Russian at the University of Washington is rooted in the region’s history. The legacy of well-known transportation and utilities magnate Samuel Hill to Washington State includes the Peace Arch at Blaine and Maryhill Museum in Goldendale, which has in its collection an interesting group of nineteenth-century Russian icons. Hill traveled from Asia to Europe in 1901 using parts of the then incomplete Trans-Siberian Railway, and during World War I he carried out a mission for the U.S. Government to evaluate Russian railways.
Russian language instruction was first offered at the University of Washington in the 1915-16 academic year by a German professor, Hans Jacob Hoff. The next year a native speaker of Russian, Elvine Simeon, was hired with financial support from Samuel Hill to teach Russian language, literature, reading and grammar in the Department of Oriental Subjects (founded in 1909). Her courses were listed in the University Catalog for two years, after which there appears to have been a fifteen-year hiatus in the teaching of Russian at the UW. Russian was reintroduced in 1933 by Professor Ivar Spector, an instructor in Oriental Subjects. All through the ’30s and ’40s Spector and George Taylor expanded offerings in Russian literature, history, and culture.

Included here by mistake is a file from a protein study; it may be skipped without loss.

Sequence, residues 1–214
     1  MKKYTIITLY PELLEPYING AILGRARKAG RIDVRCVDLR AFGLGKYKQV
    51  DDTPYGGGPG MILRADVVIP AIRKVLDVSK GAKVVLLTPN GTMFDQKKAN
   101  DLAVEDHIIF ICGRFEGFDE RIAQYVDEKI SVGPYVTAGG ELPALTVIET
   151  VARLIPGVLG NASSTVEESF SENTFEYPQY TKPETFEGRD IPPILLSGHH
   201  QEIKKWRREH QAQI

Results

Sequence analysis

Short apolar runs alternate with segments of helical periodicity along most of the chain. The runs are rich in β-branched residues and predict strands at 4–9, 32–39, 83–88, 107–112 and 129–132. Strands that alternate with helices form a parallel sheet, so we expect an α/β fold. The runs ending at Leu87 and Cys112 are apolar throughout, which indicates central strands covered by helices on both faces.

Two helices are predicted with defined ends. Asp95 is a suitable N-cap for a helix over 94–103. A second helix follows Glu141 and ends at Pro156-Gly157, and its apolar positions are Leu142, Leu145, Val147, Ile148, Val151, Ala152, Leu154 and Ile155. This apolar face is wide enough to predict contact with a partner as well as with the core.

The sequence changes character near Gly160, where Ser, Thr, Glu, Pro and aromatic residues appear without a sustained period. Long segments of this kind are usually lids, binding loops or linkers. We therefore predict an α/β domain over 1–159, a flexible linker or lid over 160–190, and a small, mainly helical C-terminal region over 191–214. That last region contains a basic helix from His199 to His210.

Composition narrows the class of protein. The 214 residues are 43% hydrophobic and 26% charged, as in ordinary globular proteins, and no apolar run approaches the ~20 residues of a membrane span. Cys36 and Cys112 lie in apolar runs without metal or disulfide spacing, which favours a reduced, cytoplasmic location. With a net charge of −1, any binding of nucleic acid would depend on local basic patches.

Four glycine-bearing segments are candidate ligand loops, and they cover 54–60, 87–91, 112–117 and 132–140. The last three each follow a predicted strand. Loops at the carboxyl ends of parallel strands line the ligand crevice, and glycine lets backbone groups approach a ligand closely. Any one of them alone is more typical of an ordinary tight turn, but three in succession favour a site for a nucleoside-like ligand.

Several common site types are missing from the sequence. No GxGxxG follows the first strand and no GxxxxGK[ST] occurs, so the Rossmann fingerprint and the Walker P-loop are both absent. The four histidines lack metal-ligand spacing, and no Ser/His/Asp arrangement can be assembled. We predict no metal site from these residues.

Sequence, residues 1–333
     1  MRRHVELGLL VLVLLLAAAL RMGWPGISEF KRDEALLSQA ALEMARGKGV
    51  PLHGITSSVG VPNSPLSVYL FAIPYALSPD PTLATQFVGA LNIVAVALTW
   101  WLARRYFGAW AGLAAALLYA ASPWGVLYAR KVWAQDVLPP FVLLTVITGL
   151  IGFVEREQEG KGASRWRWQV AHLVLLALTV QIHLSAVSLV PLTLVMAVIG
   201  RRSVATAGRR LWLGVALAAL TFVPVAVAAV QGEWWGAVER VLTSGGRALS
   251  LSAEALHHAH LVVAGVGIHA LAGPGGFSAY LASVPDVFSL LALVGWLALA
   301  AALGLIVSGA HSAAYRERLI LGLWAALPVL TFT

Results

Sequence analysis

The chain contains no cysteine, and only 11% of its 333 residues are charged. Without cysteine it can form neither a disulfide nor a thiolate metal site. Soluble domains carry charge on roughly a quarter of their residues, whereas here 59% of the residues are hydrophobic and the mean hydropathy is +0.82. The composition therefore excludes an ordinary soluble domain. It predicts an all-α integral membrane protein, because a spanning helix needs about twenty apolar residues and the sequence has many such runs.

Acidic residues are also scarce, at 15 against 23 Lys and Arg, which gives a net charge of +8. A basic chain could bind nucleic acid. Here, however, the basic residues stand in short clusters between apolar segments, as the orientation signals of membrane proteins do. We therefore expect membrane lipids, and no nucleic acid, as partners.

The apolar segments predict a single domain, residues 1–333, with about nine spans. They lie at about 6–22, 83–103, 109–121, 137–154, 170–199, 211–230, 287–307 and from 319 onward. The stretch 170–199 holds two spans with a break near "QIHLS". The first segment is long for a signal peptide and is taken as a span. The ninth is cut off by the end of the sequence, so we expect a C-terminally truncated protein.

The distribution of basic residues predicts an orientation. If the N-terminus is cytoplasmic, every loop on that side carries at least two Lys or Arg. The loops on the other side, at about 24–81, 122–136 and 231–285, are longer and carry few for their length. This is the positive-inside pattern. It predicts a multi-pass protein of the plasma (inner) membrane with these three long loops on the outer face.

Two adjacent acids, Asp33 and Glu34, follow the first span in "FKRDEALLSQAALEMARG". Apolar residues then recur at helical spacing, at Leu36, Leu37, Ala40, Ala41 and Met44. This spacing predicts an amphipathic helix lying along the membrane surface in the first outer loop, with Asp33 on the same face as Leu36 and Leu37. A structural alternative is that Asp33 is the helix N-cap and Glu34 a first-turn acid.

Structurally, we began as a subdivision of the Far Eastern and Russian Institute in 1947. In 1968 we achieved our autonomy as the Department of Slavic Languages and Literatures, but our ties with our original mother institution (as of 1968, called the School of International Studies, and then the Jackson School of International Studies) are still profound and mutually beneficial.